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Dry Aging Prime Rib questions

post #1 of 5
Thread Starter 

Each year when my family gets together we have prime rib for Christmas dinner. Years ago my brother and I fired our dad from cooking the roast. Then I fired my brother. So for the past 3 years I have cooked the roast for Christmas, and now the job is permanently mine. I usually cook a few more  throughout the year for different occasions.

 

I usually go to Costco and buy the two largest rib roasts they have. They are choice grade boneless whole ribeye and are 13 lbs + each. I then take them home and dry age them in my garage refrigerator, aka the meat frig, for 30 days. I have read a lot and here is the best info I have located: http://www.seriouseats.com/2013/03/the-food-lab-complete-guide-to-dry-aging-beef-at-home.html

 

This year I am going to look around and see if I can find a bone in rib roast – my Costco doesn’t carry them, and see if that makes a difference. I also plan to change from my usual aging time of 30 days to  45 days. I'm hoping for that stronger flavor of a true prime aged grade of beef.

 

So who regularly ages rib roasts and how long do you age them? Do you do anything special in your aging process?

post #2 of 5

As with many things you will get different opinions on whether or not it is beneficial or even possible to dry age at home or not along with many different ways of doing it.  The following is the way mine is done with excellent results both in the restaurant and home environment's. "Ugly Duckling" Dry Aged - Salt Crusted - Prime Rib Roast - Q/View

 

Let us know your results.

 

Tom

post #3 of 5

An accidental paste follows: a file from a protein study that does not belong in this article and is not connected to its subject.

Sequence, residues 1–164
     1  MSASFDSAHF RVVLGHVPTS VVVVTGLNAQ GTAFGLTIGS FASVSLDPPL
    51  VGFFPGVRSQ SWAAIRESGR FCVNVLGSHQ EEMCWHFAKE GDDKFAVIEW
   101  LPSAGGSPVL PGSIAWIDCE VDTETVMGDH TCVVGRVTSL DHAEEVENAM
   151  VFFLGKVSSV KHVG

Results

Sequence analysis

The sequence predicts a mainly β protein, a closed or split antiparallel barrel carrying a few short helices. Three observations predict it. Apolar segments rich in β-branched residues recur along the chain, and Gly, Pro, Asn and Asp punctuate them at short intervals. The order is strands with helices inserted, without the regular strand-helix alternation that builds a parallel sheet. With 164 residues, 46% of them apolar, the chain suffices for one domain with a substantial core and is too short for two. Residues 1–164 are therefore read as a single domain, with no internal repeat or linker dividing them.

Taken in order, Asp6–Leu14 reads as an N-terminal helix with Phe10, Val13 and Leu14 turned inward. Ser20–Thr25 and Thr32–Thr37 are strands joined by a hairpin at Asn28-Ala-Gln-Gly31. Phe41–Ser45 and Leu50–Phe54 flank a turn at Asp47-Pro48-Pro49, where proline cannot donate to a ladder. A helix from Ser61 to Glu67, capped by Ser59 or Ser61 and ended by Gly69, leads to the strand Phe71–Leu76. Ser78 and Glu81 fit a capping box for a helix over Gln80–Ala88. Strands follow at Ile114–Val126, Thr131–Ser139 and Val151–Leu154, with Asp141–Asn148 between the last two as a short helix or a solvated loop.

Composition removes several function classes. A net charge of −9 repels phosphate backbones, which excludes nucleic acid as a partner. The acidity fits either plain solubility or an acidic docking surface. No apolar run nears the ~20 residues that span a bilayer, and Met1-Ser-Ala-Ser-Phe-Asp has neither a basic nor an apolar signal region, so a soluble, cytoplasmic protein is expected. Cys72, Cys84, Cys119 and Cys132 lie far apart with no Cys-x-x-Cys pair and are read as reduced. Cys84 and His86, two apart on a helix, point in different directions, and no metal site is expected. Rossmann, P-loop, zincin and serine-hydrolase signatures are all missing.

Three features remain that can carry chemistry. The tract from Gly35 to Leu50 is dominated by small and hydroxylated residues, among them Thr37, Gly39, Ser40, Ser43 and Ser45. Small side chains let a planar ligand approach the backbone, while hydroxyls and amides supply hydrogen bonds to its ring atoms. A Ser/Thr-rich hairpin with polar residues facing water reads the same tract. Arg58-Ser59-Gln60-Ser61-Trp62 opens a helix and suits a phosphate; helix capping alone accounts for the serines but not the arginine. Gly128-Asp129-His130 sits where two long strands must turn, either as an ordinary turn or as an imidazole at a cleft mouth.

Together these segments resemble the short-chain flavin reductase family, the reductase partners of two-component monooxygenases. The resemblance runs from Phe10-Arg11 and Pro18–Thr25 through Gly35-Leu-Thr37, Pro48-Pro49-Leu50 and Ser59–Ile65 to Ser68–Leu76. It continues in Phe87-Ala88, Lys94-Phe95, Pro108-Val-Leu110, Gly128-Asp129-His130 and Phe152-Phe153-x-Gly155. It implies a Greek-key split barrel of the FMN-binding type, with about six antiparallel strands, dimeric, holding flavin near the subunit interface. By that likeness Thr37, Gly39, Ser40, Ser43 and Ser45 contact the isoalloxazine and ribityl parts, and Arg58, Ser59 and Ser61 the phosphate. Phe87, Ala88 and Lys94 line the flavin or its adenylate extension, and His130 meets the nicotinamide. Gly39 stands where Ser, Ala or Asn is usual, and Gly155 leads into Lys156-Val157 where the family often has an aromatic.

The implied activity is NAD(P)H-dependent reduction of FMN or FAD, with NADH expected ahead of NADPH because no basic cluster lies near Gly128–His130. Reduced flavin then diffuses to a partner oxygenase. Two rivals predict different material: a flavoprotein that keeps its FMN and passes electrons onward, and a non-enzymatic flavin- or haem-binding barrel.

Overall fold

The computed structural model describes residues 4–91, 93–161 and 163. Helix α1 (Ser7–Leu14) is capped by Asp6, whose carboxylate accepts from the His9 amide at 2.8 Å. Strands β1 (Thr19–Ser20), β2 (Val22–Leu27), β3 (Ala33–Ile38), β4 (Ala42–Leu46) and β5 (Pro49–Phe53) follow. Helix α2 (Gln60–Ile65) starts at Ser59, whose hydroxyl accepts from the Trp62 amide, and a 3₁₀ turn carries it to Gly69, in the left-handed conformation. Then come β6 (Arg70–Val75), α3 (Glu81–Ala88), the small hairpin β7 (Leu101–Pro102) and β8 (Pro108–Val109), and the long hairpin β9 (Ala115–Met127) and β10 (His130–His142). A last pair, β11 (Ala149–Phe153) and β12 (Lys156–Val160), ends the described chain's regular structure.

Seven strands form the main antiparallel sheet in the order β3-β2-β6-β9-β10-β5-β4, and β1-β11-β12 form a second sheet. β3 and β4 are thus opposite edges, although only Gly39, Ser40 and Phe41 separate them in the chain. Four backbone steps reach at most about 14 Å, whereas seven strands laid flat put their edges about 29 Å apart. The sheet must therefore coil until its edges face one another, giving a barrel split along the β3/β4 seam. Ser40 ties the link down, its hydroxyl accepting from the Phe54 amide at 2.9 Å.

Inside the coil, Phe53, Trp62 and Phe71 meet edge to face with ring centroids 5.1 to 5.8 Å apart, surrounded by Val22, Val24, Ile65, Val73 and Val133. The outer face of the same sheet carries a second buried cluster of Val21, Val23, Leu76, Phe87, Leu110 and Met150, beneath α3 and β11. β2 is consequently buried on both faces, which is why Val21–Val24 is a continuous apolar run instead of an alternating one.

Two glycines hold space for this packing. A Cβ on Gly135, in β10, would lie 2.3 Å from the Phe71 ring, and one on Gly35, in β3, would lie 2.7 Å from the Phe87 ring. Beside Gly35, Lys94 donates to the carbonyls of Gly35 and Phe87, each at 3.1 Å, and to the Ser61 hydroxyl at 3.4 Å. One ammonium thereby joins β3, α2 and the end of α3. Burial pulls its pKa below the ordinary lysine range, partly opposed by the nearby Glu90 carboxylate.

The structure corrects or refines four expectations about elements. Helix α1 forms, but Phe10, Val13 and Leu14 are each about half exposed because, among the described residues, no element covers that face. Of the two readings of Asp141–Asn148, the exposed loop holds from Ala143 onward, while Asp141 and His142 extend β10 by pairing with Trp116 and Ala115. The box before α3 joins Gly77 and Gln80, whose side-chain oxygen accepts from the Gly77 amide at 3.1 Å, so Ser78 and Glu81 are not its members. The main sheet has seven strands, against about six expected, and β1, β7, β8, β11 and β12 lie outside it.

Thread Starter 

Great post Mr T. Do you know if there is a noticeable flavor difference between a large piece of meat vs a smaller one after the aging process?

post #4 of 5
Quote:
Originally Posted by JeepLJ View Post
 

Great post Mr T. Do you know if there is a noticeable flavor difference between a large piece of meat vs a smaller one after the aging process?

If you are asking the difference in a large rib roast versus a smaller one, the answer is no.  The thickness is basically the same.

 

The advantage of salt crusting in my opinion is moisture retention and even cooking from center to the edge.  Never could see putting bark on a piece of meat of this caliber.  At most a light sear for the ones who want their meat a little more on the done side.  For those who want a touch of smoke, I place their steak on a rack within a hotel pan and give it a shot of heavy smoke, lid it and let rest for a couple minutes before service.

 

Hope this answers your question,

 

Tom

post #5 of 5
Thread Starter 

So I just ran across one of my old post and thought I would revive it.

 

So Christmas 2013 I cooked 2 boneless rib roasts (aka Prime Rib, defined by cut not by grade)

 

I did 2 identical roasts, one dry aged, one wet aged. Both aged for 45 days. I consulted the #1 high end restaurant meat supplier for the Dallas area and he said "wet aged if the best".  I will say there is a huge difference between the two processes. And in my opinion and everyone who had the two processes of meat, dry aged is the way to go. 

 

I have 2 more weeks to go on my latest 45 day dry aged rib roast. Hopefully I will remember to take some photos this time and share with the group.

 

Has anyone else aged there own meat?

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